Global Daily – De Guindos set to be ECB VP

by: Aline Schuiling , Nick Kounis , Bill Diviney

ECB View: Eurogroup to recommend Luis de Guindos for ECB vice presidency – Following the withdrawal of Ireland’s Philip Lane from the candidacy, the Eurogroup is today set to recommend Spain’s Luis de Guindos to be the next Vice President of the ECB. The next step will be for the European Council to agree and subsequently consult the European Parliament, as well as the ECB’s Governing Council. Finally, the Governing Council can appoint Mr de Guindos. We think that Mr de Guindos has dovish views on monetary policy. Ironically, Mr de Guindos’s main competitor for the post of vice president, Ireland’s Philip Lane may be set for bigger things. The Bundesbank President Jens Weidmann appears to be the current frontrunner for the Presidency of the ECB (Mario Draghi’s term ends on 31 October 2019). Our sense is that he is too hawkish to ultimately get the support of a broad range member states. This could open up the door for a more centrist candidate from a Northern European member state and Mr Lane does fit the bill in this case. Instead, a more hawkish Northern European (such as Ardo Hansson – the Governor of the Estonian central bank and also a candidate for the Presidency) could take the Chief Economist role (Peter Praet’s term ends on 31 May 2019). Such a scenario would see three doves at the top of the ECB being replaced by a dove, a hawk and a centrist by the end of next year. So the ECB would likely become less dovish. (Aline Schuiling & Nick Kounis)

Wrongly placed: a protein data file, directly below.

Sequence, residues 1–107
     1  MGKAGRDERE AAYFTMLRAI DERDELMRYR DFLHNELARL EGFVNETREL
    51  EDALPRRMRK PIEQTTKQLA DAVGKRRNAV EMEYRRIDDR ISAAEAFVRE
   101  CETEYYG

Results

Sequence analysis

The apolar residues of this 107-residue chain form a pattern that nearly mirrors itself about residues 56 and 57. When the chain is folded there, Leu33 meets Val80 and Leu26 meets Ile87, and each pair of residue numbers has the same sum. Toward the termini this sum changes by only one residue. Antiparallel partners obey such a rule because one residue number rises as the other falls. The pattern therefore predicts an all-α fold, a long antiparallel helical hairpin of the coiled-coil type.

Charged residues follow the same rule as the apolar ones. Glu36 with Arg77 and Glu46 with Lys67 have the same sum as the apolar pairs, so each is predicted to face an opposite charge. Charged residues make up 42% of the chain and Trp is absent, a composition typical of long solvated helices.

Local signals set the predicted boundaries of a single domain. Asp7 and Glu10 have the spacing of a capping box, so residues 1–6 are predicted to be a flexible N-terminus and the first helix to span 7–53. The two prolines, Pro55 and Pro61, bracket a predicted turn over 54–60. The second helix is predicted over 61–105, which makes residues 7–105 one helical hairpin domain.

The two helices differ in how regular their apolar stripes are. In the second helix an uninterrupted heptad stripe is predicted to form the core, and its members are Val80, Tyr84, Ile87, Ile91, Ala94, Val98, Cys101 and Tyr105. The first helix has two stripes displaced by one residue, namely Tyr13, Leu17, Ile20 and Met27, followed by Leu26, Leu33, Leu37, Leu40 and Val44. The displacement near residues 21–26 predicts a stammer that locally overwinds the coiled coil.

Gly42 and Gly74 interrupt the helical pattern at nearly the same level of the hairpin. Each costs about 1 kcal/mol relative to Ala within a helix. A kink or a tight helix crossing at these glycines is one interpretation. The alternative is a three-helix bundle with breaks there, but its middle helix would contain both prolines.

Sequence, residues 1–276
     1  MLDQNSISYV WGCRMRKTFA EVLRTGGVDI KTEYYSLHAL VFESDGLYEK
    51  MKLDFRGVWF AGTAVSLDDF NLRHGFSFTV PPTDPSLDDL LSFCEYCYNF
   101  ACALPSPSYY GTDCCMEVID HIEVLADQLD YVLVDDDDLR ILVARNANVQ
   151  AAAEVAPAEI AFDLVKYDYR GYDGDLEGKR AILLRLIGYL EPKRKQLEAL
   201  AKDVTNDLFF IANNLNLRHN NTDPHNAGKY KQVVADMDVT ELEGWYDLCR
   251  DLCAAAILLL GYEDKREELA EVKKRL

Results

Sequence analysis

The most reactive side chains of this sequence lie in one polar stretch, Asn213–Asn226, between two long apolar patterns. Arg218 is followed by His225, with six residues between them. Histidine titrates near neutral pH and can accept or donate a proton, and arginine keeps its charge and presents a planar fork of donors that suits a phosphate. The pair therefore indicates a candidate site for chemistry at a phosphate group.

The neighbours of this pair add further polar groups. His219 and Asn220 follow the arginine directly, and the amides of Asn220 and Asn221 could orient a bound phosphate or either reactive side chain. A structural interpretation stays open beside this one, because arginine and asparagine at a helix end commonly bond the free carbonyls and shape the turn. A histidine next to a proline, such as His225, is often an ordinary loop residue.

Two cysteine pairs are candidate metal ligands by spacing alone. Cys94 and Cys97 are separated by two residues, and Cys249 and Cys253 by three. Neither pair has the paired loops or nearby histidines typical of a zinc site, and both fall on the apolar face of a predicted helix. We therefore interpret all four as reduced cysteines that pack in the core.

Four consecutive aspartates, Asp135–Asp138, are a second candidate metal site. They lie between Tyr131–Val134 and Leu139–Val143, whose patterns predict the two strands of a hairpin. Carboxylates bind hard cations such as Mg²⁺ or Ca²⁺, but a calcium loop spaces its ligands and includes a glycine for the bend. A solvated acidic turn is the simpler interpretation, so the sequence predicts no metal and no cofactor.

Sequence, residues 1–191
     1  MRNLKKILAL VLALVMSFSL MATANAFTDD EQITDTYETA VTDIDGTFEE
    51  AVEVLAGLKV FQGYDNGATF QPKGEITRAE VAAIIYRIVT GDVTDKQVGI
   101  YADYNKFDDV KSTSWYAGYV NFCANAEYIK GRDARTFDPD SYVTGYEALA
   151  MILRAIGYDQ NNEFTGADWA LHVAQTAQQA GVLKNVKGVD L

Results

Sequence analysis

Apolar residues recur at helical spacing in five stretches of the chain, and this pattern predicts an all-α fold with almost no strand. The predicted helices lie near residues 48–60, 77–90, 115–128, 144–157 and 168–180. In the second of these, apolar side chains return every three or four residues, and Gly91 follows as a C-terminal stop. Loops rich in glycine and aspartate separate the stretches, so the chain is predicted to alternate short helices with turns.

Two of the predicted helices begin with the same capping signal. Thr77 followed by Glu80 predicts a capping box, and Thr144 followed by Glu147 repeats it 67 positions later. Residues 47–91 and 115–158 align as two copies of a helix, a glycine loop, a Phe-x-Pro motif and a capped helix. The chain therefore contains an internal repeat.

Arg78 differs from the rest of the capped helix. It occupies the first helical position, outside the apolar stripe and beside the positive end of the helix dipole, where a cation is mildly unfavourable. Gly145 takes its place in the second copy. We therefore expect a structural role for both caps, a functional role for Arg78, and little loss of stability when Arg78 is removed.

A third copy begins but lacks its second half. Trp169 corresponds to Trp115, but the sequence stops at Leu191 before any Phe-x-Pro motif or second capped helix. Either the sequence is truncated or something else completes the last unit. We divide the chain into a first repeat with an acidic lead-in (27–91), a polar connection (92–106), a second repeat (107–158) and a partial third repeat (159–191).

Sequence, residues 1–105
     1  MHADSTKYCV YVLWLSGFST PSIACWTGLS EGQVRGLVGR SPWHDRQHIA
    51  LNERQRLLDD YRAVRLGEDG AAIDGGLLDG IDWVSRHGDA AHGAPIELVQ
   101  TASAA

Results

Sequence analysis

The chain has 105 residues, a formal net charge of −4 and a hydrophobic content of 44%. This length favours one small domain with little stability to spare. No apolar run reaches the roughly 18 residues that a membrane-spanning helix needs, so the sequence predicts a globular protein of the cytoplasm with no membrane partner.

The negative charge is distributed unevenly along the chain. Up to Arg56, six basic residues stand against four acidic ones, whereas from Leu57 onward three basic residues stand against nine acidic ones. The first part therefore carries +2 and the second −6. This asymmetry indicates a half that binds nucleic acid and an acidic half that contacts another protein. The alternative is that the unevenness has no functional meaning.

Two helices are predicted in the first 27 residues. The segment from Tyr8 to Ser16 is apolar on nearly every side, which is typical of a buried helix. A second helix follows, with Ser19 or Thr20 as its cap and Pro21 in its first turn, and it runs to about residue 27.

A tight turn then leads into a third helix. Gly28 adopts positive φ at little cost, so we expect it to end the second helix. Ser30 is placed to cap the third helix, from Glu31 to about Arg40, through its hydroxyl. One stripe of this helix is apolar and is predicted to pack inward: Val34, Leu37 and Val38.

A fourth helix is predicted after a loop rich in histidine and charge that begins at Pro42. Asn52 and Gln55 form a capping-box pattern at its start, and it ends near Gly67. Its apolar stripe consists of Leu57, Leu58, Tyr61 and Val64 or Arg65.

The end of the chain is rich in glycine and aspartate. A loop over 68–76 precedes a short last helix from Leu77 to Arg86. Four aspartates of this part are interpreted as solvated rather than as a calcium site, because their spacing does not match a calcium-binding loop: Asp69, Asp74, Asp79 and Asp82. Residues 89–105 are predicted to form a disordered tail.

US Macro: Subprime auto loan defaults not a great cause for concern – Q4 household debt statistics were released last week, and showed total household debt increased for a fifth consecutive year to USD13.1trn. While this was a 4.5% increase over the level at the end of 2016, with nominal GDP growth not far off at 4.1% last year, household debt as a percentage of GDP was essentially flat at 67.8% (well below the 85% of GDP that prevailed before the crisis). Auto loan delinquencies in the subprime sector have made headlines in recent quarters, rising from a post-crisis trough of around 6% in 2012 to close to 10% in 2017. This is likely a reflection of the looser lending standards for autos, where so-called ‘liar loans’ (where borrowers’ incomes are not verified) are still legal, in contrast to the mortgage market. However, auto loans make up just 9% of total household debt, compared with 68% for mortgages, and total household debt delinquencies have continued to trend downward, falling to just 3.1% as of Q4 17. Moreover, while subprime lending in the auto sector is much higher than that for mortgages, at around 20% vs 4%, this is well below pre-crisis levels of 30%, and we note that lending standards have been tightening of late, as shown by the rise in the median credit risk score for new loan originations. All told, while investors should be cognizant of emerging risks in household debt following the financial crisis, they should also draw comfort from the much lower levels of total leverage and stricter lending standards in the far more systemic mortgage sector. (Bill Diviney)